With a rusting single-action rifle at his side and a brown militia man's cap on his head, an aging guerrilla peers out from a concrete bunker.
Gazing across peanut fields and off into the horizon, he's a "camarada," or comrade, from Guinea-Bissau's 1960s independence war pressed back into service in this tiny West African nation. A romantic filled with the rhetoric of Cuban hero Ernesto "Che" Guevara, he's back in his element.Decades ago, Portuguese troops were under siege in Bissau, the capital, while peasant guerrillas ruled the countryside. Today, a similar scenario is shaping up with the country's unpopular president, under fire in this brief and tragic war.
In the rice and peanut fields, in sleepy provincial towns, the "camaradas" are riding again.
With Guinea-Bissau's army split between loyalist and rebellious forces in a capital battered with daily artillery fire, the bulk of the soldiers from both sides are camped out in or around the city.
In the countryside, though, security, propaganda and revolutionary rhetoric are left to the "camaradas."
Across the country, from the border with Senegal to the Atlantic coast, the guerrillas are coming out of retirement against their own president, Joao Bernardo Vieira, himself a veteran and hero.
Mamading Tcham, a 64-year-old veteran of the independence war, says he's ready to fight again.
"What we had at the time of war was suffering, but we also had happiness to be free," he says, shuffling to his feet in rubber flip-flop sandals.
Tcham, a part-time security guard and former guerrilla, says his entire former militia regiment from the days of Guinea-Bissau's 14-year war for independence from Portugal has volunteered to fight.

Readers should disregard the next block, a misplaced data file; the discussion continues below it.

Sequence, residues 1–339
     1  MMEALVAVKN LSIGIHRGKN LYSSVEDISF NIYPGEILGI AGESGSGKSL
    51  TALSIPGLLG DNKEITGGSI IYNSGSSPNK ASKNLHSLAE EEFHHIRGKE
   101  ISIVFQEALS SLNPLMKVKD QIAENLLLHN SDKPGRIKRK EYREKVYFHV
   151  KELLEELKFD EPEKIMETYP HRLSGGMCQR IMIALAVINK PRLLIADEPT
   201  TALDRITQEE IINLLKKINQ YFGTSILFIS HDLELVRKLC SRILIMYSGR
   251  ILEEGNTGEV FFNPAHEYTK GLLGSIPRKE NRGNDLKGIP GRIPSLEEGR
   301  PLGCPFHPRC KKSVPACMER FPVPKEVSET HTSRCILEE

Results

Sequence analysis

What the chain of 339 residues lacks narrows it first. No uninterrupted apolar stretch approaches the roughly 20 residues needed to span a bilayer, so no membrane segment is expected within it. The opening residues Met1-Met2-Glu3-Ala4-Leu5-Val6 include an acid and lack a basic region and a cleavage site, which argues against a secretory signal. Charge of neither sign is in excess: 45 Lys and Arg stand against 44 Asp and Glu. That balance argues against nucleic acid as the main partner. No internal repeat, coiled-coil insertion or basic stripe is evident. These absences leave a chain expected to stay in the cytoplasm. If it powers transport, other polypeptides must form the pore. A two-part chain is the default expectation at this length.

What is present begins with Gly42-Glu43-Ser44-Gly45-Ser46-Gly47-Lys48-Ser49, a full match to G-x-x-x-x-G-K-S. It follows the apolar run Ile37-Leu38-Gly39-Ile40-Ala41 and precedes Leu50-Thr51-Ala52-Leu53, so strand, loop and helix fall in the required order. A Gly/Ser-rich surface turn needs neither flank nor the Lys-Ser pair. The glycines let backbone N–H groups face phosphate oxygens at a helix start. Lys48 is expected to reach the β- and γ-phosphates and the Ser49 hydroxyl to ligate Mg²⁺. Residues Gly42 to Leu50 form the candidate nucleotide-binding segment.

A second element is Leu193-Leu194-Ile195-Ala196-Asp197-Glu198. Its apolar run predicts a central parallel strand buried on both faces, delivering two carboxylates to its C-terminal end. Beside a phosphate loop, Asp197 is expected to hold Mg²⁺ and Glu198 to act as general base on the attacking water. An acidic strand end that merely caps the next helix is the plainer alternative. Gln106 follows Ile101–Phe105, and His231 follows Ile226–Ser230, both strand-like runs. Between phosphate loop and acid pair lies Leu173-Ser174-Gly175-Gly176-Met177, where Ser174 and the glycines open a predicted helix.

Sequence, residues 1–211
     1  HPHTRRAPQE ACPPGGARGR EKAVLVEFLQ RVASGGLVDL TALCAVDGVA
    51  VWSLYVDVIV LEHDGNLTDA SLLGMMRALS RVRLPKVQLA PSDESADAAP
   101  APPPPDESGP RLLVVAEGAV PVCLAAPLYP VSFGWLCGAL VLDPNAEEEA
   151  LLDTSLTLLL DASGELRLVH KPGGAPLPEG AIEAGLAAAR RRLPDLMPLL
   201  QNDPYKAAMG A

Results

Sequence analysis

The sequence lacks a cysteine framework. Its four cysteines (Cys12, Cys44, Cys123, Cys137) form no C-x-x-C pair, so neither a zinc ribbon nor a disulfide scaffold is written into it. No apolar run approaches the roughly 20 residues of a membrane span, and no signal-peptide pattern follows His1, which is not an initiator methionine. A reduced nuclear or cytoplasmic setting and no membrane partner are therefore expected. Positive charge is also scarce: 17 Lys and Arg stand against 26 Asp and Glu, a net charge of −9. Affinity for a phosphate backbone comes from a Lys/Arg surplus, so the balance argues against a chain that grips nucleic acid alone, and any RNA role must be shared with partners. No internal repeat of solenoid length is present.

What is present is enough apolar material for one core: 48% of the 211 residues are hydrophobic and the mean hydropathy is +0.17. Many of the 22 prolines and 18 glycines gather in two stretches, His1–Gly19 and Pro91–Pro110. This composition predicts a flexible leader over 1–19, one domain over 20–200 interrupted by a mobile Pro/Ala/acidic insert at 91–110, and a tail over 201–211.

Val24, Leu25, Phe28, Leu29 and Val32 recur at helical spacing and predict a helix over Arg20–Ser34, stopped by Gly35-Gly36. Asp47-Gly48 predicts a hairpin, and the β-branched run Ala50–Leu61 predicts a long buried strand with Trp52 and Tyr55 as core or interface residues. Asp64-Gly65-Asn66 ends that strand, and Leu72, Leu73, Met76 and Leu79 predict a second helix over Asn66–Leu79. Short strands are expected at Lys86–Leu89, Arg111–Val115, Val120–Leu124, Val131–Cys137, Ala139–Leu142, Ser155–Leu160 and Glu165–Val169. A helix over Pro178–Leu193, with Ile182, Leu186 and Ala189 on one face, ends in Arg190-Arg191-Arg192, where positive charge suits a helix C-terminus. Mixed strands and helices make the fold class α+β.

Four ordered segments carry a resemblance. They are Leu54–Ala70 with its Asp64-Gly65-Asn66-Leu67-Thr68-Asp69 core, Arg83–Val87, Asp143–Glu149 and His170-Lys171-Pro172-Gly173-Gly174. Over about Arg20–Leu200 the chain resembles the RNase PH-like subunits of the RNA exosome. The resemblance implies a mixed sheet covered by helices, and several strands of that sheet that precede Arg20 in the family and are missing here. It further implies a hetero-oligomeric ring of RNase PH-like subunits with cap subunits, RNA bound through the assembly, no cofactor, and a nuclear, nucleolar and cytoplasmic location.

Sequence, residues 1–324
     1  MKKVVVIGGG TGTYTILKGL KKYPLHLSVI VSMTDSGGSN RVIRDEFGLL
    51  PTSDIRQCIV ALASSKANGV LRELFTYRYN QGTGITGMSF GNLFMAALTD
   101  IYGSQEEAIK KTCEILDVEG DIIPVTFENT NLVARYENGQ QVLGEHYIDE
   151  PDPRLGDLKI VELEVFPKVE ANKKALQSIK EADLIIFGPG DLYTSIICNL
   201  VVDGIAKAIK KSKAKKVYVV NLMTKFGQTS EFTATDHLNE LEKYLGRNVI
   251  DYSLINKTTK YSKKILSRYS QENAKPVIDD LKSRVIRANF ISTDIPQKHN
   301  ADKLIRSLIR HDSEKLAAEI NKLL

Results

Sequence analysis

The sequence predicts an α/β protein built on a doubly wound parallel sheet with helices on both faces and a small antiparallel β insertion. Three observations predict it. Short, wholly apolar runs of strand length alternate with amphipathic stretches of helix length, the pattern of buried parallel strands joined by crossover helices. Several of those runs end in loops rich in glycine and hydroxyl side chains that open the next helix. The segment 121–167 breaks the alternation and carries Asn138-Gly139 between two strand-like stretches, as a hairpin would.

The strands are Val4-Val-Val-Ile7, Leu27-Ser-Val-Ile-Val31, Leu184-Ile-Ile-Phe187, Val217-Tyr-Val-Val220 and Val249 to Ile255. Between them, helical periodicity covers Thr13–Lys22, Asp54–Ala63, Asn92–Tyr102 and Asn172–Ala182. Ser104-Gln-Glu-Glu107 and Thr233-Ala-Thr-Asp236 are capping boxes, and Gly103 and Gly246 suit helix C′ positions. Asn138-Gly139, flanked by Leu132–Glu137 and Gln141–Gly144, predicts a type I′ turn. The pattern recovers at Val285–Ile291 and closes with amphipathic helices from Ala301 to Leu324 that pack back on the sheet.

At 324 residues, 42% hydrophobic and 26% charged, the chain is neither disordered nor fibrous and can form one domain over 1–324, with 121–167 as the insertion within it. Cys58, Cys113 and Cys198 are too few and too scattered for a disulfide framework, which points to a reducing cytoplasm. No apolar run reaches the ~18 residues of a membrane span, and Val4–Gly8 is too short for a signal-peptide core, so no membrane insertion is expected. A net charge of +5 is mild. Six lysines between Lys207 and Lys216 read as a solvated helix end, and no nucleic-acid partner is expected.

The people, Tcham says, must get rid of Vieira, who many accuse of widespread corruption and mismanagement.
"Nino isn't with the people anymore," he says, using Vieira's nickname. "Brother, we just need some justice."
Tcham, known by his guerrilla nickname "little 49," insists he's able and willing to head back into the forests.
Vieira, a senior commander with the African Party for Independence in Guinea and Cape Verde, or PAIGC, was a vanguard member of the revolution and a chosen favorite to lead the country after independence.
He came to power in 1980, when then-President Luiz Cabral - from the nearby island of Cape Verde - was assassinated during a coup.
Never able to alleviate the country of wrenching poverty, many say that anger began to boil over and target Vieira and his personal fortune.
A groundswell of anti-Vieira sentiment is emerging in much of the nation, where a popular folk song has become the new revolution's anthem.
"We are all in this boat together," folk singer Justino Del Gado's new hit says. "If the boat goes down, Nino, you go down, too."
While most people in Guinea-Bissau make between $150 and $250 a year, Vieira was jetting off for private weekends in Lisbon and Paris.
"You could see it, you would go to the capital and see his fancy cars and his fancy palace," businessman Geraldo Sariot said. "There was never any middle class, only Vieira's riches and the poor. Without a middle class, forget it man, it will blow up."
Blow up it did.
More and more of the army is siding with a former revolutionary hero, Brig. Ansumane Mane, and guerrilla forces are mobilizing throughout the country. Vieira, once a hero in the military, now relies on the support and troops of neighboring Senegal.
What Mane began as a coup attempt earlier this month has spread into a movement by the people.
"I never asked for anything, not a penny," Tcham says. "The only thing I want is to be treated fair."